Bill Evans Jim Hall: Undercurrent (1962) Toshiba-EMI

A tale of the pursuit of one recording, the search for the best pressing, and a few lessons learned along the way. Prepare for a deep dive, and beware of currents.


The story so far…

In the early ’60s, United Artists hired A&R producer guru Alan Douglas to convene some magical artist combinations for their new UA Jazz label, including this unique session by Bill Evans and Jim Hall, graced by one of the most iconic album cover portraits ever: fashion photographer Toni Frissell’s floating model, Weeki Wachee Spring, Florida, for Harpers Magazine (December 1947).

Undercurrent was the subject of an early LJC blog-post five years ago,  in 2012, the rip made on an Ion $100 DJ portable. Doesn’t time fly when you’re having fun. (I got to tell you, it also flies when you are not. Bummer). That post raised some concerns about the unsatisfactory engineering/pressing quality of United Artists Jazz original releases.

The sought-after original copy I obtained from the US – described as “near mint” – was troubled with surface noise, not visibly the result of scratches or mishandling. You would grade it as excellent by inspection, it just didn’t play that way, even after multiple RCM washes. More important, the recording didn’t sparkle in the way I had hoped, as a Van Gelder might: the presentation was wooden, lifeless, unengaging. Something wasn’t right.

Controversy Alert!

Both the “Bendy Tenor” United Artists Jazz label and the black label claim (Discogs) “1962” (original) status. United Artists  rarely if ever printed a date of copyright or manufacture on label or cover around this time. 1962 is  documented as merely the date of recording, so, in the absence of any other information, often assumed  by Discogs uploaders to be the date of issue.

The Bendy Tenor label was in use for only 1962-3-ish during Alan Douglas’s short tenure as producer for United Artists, whilst the black label was a generic United Artists label  in use between 1958 and 1968, at the end of which time Transamerica bought United Artists and soon after, Liberty. The black label’s introduction  pre-dates the bendy tenor, so it looks “older”, with its arcane “High Fidelity” reference. However I think the black label of Undercurrent is a later second issue, after Alan Douglas departed. As with all these things, little is for certain.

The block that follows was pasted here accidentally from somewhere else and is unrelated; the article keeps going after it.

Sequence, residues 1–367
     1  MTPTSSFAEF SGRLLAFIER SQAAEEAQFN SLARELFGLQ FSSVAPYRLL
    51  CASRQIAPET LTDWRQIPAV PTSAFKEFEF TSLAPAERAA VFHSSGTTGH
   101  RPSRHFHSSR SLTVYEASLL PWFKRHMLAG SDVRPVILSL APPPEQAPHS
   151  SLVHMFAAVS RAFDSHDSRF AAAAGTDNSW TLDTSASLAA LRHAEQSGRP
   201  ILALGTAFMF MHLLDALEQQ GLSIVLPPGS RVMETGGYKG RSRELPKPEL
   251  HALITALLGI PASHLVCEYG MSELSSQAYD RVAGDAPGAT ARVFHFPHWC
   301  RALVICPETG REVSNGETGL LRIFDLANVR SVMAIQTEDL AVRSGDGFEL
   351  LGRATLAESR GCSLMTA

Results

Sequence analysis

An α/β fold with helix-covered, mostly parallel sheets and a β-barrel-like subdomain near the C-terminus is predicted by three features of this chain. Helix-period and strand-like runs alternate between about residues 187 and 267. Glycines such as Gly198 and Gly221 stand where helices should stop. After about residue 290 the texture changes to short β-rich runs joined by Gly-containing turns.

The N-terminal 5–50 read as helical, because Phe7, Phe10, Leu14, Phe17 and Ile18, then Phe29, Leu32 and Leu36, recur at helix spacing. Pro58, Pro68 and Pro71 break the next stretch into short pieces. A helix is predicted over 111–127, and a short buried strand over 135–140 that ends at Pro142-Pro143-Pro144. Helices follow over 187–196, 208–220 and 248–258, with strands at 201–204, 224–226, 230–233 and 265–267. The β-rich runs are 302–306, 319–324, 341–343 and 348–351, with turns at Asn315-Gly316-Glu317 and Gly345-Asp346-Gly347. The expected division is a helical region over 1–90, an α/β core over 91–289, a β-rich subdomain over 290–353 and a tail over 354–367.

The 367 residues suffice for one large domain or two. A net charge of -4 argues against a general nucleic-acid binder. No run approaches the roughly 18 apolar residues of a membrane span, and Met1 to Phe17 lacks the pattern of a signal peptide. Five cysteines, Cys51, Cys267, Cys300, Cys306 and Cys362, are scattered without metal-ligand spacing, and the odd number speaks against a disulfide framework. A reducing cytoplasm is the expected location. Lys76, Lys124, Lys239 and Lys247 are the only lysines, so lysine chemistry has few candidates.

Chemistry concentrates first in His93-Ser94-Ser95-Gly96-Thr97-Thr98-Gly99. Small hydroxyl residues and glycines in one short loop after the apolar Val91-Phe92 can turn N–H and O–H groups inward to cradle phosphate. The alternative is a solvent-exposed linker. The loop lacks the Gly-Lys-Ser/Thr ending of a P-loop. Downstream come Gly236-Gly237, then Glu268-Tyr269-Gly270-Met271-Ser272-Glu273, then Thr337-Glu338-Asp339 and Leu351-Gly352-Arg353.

Are “originals” always best for audiophiles?

Whilst with most US recordings the first US original release is the preferred choice, sometimes the original pressing was compromised, by cost-saving shortcuts, sub-standard vinyl, low-cost manufacture. An overseas manufactured release starts out from a copy tape, albeit one generation removed, but the copy tape can be a good transfer, the local engineers can be top-notch technicians not potheads, and the vinyl is pure and not adulterated. British, European and Japanese releases can be a preferred alternative, especially labels like Esquire and Decca. US Riverside, United Artists and Prestige New Jazz are three labels where caution is required.

Undercurrent has seen many reissues over the years, tracing the corporate evolution of United Artists, and its different licensing partners. Discogs lists forty-five different entries for Undercurrent.

It also appears in a variety of covers, some faithful to the Toni Frissell original, others less so. The posterised Solid State karaoke-art version is simply … dreadful. Perhaps there was a problem with copyright payments. Some covers abandoned the floating woman theme all together, and the Alan Douglas Collection issues (bottom row second left) used many alternative covers.

Over the following few years, I kept an eye out for other potential releases of Undercurrent, two of which were eventually added to the LJC collection:

T741 World Record Club issue, UK

Alternative cover (air guitar I can understand, but underwater guitar? – chang chang wook wook), unique original liner notes well-written in good English,  WRC are usually fairly acceptable, just not this one. Anyone’s guess what’s at fault – poor copy tape, mediocre transfer, budget pressing, but not good.


United Artists Jazz, made in Germany.

Omit the iconic Toni Frissell cover – floating model; flipback cover instead of gatefold; a repeat the corny pulp-fiction liner notes, perhaps they would have read better in German, and format error: mono – this recording demands stereo, that’s my belief, I’m sticking by it. Lacklustre and noisy.